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TO VEIL OR NOT TO VEIL?A Case Study of Identity Negotiation among Muslim Women in Austin, Texas

TO VEIL OR NOT TO VEIL?A Case Study of Identity Negotiation among Muslim Women in Austin, Texas,10.1177/089124300014003003,Gender & Society,JENNAN GHA

TO VEIL OR NOT TO VEIL?A Case Study of Identity Negotiation among Muslim Women in Austin, Texas   (Citations: 43)
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The increasingly pervasive practice of veiling among Muslim women has stimulated a great deal of scholarly investigation and debate. This study brings empirical evidence to bear on current debates about the meaning of the veil in Islam. This article first examines the conflicting meanings of the veil among Muslim religious elites and Islamic feminists. Although the dominant gender discourse among Muslim elites strongly favors this cultural practice, an antiveiling discourse promulgated by Islamic feminists has gained ground within recent years. This study then examines how these discursive disputes affect gender identity negotiation among veiled and unveiled Muslim women living in Austin, Texas. Interviews with these women highlight how their gender identities reproduce and reformulate existing Muslim gender discourses. Special attention is paid to the subjective disparities and points of congruence between both groups of respondents. This study concludes by suggesting avenues for future research on the intersection of gender, religion, and cultural difference.
Journal: Gender & Society - GENDER SOC , vol. 14, no. 3, pp. 395-417, 2000
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    • ...ProphetMohammed’s personal traditionsandlifestyle, though theall-male Islamic clergy (faqihs, imams, muftis, mullahs, ulamas) act as interpretive authorities (Mehmet, 1994; Read & Bartowski, 2000)...
    • ...Read & Bartowski, 2000), the United Kingdom (Ahmad, 2001 ;D wyer,1999), Canada (Dosa, 1999), the Netherlands (Essers & Benschop, 2009) and Australia (Ho, 2007)...
    • ...Brenner (1996 :6 90) writes that“...the discipline of veiling provides those women who choose to adopt it with a sense of identity, self-mastery and purpose.” In a US study (Read & Bartowski, 2000: 408), unveiled Muslim women noted that “the veil reinforces gender distinctions that work to Muslim women’s collective disadvantage,” with the hijab construed as patriarchal oppression linked to “assorted masculine hang-ups.” However, this ...
    • ...Thus there are competing discourses on the veil, hijab or burqa and “discursive fissures” which divide Muslim religious authorities on this issue (Read & Bartowski, 2000; Rozario, 2006), and which has also become source of controversy in the Western world (Winter, 2006)...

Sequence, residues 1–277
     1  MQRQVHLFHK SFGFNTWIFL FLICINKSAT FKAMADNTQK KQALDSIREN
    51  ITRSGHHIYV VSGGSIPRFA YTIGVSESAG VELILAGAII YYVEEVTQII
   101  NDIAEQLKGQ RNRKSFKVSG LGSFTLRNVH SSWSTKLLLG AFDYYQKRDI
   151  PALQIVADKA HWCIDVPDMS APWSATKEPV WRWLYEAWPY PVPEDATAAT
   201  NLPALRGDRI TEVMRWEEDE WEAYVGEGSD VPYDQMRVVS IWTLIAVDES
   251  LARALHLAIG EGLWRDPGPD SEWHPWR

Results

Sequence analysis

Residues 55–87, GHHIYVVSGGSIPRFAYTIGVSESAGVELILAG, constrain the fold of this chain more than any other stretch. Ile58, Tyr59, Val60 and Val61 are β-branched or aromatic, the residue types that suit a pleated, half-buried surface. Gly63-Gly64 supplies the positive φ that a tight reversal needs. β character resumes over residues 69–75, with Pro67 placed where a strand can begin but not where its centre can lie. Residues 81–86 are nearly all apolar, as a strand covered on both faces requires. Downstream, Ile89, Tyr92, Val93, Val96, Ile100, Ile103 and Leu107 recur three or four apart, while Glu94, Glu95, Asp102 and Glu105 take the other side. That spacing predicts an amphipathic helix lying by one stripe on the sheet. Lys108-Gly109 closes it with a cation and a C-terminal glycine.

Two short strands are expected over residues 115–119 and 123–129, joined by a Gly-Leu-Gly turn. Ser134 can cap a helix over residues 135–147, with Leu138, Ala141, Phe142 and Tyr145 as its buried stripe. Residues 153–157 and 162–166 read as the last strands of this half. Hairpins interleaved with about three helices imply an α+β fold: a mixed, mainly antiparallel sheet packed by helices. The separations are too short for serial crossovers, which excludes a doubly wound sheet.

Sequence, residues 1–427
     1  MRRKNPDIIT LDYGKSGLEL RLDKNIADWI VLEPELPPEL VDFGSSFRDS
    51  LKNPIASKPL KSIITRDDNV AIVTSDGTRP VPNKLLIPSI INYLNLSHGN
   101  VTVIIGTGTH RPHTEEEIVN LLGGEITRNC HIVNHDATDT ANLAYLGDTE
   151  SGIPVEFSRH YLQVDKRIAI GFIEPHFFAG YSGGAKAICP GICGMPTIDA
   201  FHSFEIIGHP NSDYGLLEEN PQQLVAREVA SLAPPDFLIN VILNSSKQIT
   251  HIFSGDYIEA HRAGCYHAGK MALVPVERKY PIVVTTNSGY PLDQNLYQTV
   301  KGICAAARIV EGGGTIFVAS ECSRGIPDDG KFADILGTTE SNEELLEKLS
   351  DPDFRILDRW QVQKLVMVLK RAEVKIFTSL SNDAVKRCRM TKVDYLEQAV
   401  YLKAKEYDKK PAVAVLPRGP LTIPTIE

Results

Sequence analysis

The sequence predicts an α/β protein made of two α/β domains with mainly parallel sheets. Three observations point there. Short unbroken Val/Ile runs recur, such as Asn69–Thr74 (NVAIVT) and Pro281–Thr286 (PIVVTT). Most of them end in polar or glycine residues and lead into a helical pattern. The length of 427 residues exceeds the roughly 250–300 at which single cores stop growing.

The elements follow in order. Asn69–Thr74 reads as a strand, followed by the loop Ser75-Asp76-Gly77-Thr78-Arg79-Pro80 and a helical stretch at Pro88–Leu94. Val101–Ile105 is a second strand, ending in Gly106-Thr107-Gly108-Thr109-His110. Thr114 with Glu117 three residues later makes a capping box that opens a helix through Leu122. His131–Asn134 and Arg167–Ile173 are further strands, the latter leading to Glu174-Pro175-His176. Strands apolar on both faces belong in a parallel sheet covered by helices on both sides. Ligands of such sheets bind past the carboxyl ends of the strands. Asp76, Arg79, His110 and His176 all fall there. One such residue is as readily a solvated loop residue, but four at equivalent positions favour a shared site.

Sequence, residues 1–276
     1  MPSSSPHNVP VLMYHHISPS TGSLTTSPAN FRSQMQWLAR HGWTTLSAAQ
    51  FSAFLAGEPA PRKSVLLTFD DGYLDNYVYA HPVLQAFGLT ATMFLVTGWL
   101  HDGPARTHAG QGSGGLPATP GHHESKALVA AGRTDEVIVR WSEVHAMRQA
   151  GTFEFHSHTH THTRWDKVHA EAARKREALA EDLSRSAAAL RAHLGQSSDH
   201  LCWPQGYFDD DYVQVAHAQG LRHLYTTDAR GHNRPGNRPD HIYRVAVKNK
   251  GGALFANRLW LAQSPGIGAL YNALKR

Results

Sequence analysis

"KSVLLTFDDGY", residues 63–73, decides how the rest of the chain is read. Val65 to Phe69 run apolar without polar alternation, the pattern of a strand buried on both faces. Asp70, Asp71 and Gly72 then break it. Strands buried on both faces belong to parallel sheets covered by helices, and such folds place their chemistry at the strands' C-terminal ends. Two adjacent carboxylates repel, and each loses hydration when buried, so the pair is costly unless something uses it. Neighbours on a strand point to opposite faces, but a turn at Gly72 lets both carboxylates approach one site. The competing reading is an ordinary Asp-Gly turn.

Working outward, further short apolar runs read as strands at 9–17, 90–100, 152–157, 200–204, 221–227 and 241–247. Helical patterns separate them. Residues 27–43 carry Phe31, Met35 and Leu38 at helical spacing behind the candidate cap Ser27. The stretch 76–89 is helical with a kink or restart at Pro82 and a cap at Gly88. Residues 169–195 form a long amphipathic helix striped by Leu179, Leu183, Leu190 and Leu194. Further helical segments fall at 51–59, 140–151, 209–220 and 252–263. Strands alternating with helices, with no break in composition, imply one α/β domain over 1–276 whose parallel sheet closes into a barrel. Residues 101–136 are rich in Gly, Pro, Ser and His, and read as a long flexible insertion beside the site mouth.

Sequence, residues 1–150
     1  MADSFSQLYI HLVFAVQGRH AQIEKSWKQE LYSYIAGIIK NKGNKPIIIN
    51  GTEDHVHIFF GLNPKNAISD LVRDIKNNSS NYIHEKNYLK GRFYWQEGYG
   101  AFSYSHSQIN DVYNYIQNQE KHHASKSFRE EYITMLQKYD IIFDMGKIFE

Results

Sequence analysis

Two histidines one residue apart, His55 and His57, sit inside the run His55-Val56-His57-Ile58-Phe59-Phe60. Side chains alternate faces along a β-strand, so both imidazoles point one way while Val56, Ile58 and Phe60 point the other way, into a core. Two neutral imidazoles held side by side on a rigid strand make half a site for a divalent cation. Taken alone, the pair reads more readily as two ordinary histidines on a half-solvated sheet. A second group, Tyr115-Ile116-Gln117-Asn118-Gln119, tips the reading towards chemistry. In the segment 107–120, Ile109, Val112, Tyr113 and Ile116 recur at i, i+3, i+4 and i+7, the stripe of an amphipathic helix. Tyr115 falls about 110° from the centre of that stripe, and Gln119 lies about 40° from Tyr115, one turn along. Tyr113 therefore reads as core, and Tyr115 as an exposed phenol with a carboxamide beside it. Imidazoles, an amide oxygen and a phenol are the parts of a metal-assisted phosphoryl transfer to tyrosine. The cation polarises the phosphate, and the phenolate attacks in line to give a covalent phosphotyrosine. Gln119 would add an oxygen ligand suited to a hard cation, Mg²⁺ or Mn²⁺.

Jawad Syedet al. Veiled diversity? Workplace experiences of Muslim women in Australia

    • ...We believe that A'ishah's stories are important because they resonate with the experiences of some of the female Muslim students featured in existing literature on gendered anti-Islamic sentiments (Rezai-Rashti, 1999) and the relation between the female Islamic practice of veiling and negative Muslim stereotyping (Ghazal Read & Bartkowski, 2000; Hoodfar, 1993; Todd, 1998; Zine, 2006)...

    Candace Schleinet al. Supporting Muslim Students in Secular Public Schools

    • ...In this conception, the bodies of veiled women operate as cultural signifiers of social difference and social threat and represent fidelity to a patriarchal order, which is a danger to women's autonomy (Bullock, 2002; MacMaster & Lewis, 1998; Read & Bartkowski, 2000)...

    Jasmin Zine. Unveiled Sentiments: Gendered Islamophobia and Experiences of Veiling ...

    • ...Individual and collective identities are authored within discursive regimes that “provide social actors with important symbolic resources for identity negotiation” (Read and Bartkowski, 2000, p. 398...

    Andrew D. Brownet al. Narrative, identity and change: a case study of Laskarina Holidays

    • ...Western feminists have often viewed the hijab, or head scarf, as a symbol of repression of women (Read & Bartkowski, 2000)...

    Maram Hallaket al. In the Shadows of the Twin Towers: Muslim Immigrant Women's Voices Eme...

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